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S.M. Nayeem, R.A. Adelman; A Study of Quality of Life in Age–Related Macular Degeneration Comparing Photodynamic Therapy and Pegaptanib Sodium Treatment Groups . Invest. Ophthalmol. Vis. Sci. 2006;47(13):2142.
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To study quality of life (QOL) in age–related macular degeneration (AMD), particularly across photodynamic therapy (PDT) and pegaptanib sodium injection (PS) treatment groups.
Patients with AMD were either mailed or administered in person a modified version of the Visual Function Questionnaire (VFQ–25). A two–tailed student t–test and mean were calculated for each treatment group, and subgroup analysis of the VFQ–25 was performed per NEI prescribed algorithms. Additional analyses regarding treatment side effects and correlations between visual acuity (VA) and subgroup outcomes were also performed.
17 patients were interviewed and four patients returned the survey by mail. Of these, seven had been treated with PDT (two had also received intravitreal triamcinolone acetate (IVTA) injections); four had been treated with PS; three had been treated with both PS and PDT (one had also received IVTA); and seven had not been treated with any of these treatments. The average ocular pain score for the first two weeks following treatment was 75.0 for patients treated with PDT and 87.5 for patients treated with PS (100 signifies no pain; p = 0.54). The ocular pain subgroup, as denoted by NEI, yielded a mean score of 87.5 for both subgroups. No patients reported experiencing back pain following treatment. The average mental health score for concerns related to treatments was 77.5 for the PDT group and 78.1 for the PS group (p = 0.97), while the average independence score related to treatment appointments was 90.0 for the PDT group and 100.0 for the PS group (p = 0.37). The overall QOL was 53.7 for the PDT group and 70.4 for the PS group (p = 0.23). Given the correlation between VA and QOL, a score denoting (QOL^2) / scaled VA in best eye was calculated, with scores of 48.8 and 54.9 for the PDT and PS groups, respectively (p = 0.71). Over all patients, VA was strongly correlated to overall QOL (average score 64.9; correlation 0.70) as well as the dependency subgroup (average score 71.8; correlation 0.69), peripheral vision subgroup (average score 71.3; correlation 0.68), and the near activities subgroup (average score 60.8; correlation 0.68). Patients’ lowest subgroup scores were in perception of general vision (39.0) and in driving (41.1).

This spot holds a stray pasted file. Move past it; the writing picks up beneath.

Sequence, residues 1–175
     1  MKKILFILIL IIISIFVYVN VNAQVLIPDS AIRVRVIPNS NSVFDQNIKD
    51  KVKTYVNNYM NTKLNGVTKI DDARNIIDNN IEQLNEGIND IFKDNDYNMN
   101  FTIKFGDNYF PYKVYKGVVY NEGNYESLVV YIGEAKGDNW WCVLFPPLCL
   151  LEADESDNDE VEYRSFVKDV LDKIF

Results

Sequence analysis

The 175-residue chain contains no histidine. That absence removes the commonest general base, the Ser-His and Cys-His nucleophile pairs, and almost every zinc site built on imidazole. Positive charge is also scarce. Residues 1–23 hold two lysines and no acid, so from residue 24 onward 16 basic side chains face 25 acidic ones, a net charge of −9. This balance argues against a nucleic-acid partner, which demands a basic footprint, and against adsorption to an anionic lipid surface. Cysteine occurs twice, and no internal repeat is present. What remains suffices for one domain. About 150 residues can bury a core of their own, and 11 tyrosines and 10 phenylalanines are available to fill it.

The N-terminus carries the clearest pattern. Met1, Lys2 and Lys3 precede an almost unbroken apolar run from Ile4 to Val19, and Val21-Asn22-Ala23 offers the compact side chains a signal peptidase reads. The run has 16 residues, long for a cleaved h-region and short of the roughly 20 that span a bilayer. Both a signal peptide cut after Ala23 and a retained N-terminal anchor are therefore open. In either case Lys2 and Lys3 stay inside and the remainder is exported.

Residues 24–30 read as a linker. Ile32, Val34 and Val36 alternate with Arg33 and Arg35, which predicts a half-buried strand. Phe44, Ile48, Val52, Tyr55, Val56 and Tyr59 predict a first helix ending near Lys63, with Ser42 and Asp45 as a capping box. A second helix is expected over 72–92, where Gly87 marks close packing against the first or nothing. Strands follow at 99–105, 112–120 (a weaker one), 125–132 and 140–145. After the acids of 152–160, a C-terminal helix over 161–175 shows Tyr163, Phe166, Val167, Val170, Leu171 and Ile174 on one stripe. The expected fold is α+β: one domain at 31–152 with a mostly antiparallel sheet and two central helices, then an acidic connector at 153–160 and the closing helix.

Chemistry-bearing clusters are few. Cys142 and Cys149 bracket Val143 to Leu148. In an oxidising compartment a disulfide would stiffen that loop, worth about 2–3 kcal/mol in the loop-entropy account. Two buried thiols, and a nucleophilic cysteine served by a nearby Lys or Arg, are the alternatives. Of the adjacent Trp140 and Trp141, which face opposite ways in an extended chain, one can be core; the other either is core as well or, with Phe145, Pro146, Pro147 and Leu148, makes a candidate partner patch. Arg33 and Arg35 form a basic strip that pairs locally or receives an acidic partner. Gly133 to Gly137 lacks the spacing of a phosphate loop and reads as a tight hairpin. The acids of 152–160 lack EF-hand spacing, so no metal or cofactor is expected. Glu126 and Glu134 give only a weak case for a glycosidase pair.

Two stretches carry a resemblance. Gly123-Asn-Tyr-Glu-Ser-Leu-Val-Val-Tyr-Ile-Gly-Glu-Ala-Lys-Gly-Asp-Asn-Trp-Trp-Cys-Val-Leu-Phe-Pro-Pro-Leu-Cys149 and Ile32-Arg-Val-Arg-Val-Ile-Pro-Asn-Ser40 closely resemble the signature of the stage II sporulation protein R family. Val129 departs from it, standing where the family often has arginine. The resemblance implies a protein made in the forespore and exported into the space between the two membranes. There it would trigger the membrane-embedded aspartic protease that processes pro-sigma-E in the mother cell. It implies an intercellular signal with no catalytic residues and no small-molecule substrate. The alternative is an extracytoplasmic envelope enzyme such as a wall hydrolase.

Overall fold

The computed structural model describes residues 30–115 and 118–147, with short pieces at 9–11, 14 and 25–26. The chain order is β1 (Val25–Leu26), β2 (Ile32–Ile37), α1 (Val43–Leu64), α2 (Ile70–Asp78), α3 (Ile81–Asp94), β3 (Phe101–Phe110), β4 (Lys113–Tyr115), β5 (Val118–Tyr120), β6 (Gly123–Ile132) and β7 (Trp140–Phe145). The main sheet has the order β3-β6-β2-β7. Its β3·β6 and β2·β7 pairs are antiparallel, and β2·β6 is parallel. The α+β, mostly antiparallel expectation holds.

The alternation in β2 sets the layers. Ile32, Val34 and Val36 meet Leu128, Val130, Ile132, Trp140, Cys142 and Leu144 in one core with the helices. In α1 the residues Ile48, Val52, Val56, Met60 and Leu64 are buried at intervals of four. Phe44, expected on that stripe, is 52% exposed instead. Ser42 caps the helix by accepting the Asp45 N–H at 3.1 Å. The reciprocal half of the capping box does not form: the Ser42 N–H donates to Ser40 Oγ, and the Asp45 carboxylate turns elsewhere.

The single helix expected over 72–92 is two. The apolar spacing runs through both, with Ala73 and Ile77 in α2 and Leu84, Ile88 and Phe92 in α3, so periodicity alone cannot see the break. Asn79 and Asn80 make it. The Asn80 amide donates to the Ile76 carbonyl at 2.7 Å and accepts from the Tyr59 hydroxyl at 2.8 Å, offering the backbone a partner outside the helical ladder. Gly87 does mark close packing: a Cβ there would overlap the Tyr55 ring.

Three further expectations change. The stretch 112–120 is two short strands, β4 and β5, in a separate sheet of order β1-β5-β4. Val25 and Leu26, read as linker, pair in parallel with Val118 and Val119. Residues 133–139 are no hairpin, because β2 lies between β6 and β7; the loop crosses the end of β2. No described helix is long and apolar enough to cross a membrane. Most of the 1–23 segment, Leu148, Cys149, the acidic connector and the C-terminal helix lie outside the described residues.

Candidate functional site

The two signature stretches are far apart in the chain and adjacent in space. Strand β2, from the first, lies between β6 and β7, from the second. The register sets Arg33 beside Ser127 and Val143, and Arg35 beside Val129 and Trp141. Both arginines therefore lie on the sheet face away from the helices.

QOL, stress due to treatment, and ocular pain did not differ between treatment groups. Decreasing VA was associated most strongly with decreases in overall quality of life, independence, and ability to perform near activities. Overall, the group scored poorly on driving functionality.
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